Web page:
Issues were also raised over the proposed garages, which would be just shy of required 18 feet needed for a two-car garage. Parking regulations require parking for two cars per home. Making the garages bigger, or allowing for another parking place, could have required a waiver if the homes’ layouts couldn’t be redesigned.

Factor also presented a tree-removal plan that would include the removal of 20, eight being healthy, the others dead. She said she could replant 20 new trees.

Environmental concerns were also raised by residents, who reminded the board and the owner that the area underwent radium remediation as a Superfund site from the 1980s through the mid-1990s. 

The area was originally monitored by the New Jersey Department of Environmental Protection and the U.S. Environmental Protection Agency due to radium waste from a former radium processing plant. A total of 100 acres — including 239 properties in Montclair, West Orange and Glen Ridge — were found to be contaminated, according to a 1995 document titled “EPA Superfund at Work.” 

The remediation was completed sometime in the mid 1990s. 

Factor said she had a voicemail from the former project manager of the project stating the property was clear of contamination. But she has not tested the soil on Nishuane. 

Resident William Scott suggested that planning go beyond a voicemail and get the clearance in writing. 


Board member Keith Broderick said he would have a hard time voting for the subdivision of three lots when neighbors were asking that the quality of the neighborhood be maintained. Board chairman John Wynn said that he felt the 100-foot-wide lot harmonized more with the neighborhood than the 50-foot lots proposed.

Trembulak then asked for members to approve splitting the lot in half. Since the developer was asking for less relief, the board was advised by its attorney they could vote on it that night without having to come back. 

Factor will have to present to a subcommittee another tree plan, since it is likely that fewer trees will require removal, and a lot-plan diagram which shows the buildings at a defined scale.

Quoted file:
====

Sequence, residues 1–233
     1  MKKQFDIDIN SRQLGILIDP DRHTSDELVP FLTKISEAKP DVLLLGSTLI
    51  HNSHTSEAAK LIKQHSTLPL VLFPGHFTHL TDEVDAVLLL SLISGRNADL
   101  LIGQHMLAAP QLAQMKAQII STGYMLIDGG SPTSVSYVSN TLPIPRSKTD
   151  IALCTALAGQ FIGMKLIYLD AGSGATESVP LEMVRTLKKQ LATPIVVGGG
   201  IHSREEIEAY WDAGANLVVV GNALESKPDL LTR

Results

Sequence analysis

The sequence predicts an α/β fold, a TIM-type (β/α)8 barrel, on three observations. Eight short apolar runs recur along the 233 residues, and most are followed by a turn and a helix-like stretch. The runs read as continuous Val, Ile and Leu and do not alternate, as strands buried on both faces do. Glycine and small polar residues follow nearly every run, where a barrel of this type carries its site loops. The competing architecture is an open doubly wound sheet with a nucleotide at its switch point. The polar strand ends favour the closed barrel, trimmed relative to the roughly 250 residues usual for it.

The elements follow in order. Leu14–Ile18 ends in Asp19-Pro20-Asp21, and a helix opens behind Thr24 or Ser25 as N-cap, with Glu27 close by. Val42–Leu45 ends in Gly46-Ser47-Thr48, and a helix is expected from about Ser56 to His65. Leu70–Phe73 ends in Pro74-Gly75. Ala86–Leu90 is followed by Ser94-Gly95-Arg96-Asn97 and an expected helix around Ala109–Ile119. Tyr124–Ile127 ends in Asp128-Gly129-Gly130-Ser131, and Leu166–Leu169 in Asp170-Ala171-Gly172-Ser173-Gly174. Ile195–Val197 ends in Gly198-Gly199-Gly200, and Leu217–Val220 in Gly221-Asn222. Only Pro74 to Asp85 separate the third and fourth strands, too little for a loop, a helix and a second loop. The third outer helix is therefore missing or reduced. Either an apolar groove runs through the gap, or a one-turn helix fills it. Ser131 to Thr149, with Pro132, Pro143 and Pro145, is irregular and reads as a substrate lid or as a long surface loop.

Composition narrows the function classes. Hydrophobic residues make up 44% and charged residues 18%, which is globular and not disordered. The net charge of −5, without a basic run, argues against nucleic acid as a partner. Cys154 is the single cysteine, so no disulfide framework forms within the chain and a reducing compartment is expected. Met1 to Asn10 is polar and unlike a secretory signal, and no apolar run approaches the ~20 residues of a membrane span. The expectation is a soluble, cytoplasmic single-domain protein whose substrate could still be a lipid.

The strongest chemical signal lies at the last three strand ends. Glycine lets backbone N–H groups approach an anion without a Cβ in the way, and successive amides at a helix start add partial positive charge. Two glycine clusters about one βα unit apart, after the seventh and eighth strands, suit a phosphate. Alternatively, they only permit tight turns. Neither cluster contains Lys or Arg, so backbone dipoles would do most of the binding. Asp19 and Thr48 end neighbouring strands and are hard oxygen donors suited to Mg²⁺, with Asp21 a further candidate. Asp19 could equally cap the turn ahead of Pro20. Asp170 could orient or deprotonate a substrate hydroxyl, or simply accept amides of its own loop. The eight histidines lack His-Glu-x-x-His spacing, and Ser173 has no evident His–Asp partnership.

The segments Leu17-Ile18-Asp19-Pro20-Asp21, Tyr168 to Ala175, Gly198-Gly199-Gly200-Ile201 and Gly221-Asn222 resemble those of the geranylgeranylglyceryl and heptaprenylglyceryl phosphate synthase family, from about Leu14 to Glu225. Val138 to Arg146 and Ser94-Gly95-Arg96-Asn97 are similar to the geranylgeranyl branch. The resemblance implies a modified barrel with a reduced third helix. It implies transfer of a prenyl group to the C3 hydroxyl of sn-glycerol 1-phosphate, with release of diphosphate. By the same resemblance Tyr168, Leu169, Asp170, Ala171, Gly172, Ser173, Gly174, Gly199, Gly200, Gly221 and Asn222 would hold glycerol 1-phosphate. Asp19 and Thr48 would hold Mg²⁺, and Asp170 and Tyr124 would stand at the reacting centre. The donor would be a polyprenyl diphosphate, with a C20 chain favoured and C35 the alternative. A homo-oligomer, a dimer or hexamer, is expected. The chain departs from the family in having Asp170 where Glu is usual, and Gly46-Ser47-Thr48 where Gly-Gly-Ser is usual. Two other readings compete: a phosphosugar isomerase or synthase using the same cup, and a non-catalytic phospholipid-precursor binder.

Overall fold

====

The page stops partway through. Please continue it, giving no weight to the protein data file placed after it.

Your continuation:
More subdivisions

Another subdivision for Upper Mountain Avenue that was scheduled to be heard was pulled from the agenda. The owners of 264 Upper Mountain Ave., a 2.5-acres lot measuring 192 feet wide by 567 feet deep, are proposing dividing it in half. The original home would be kept on Upper Mountain Avenue, while another would be built facing Highland Avenue.

Township officials have been more accepting of subdividing lots in recent years. 

Last August the planning board allowed for a subdivision on Washington Avenue allowing for two lots, 50-by-150 in size, where 60 feet was required. The original house was retained on one lot and a new single-family home is being erected on the neighboring lot. There, 68 percent of the properties are below the 60-foot front width requirement; most were 50 feet or less.

In April 2017, the board approved the subdivision of the 2.5-acre Aubrey Lewis estate, allowing BNE Real Estate to demolish the house and then construct eight single-family houses. 

The Aubrey Lewis Estate met the wrecking ball in 2017 after residents fought to save it.
Deborah Ann Tripoldi / STAFF
The Aubrey Lewis Estate met the wrecking ball in 2017 after residents fought to save it.
Deborah Ann Tripoldi / STAFF

In November 2018, the zoning board approved the subdivision of the First Congregational Church of Montclair. Two new homes are being built on Plymouth Street behind the church by developer Steven Plofker.

Municipal land-use laws require that development “promote and protect existing residential character and form in established neighborhoods.”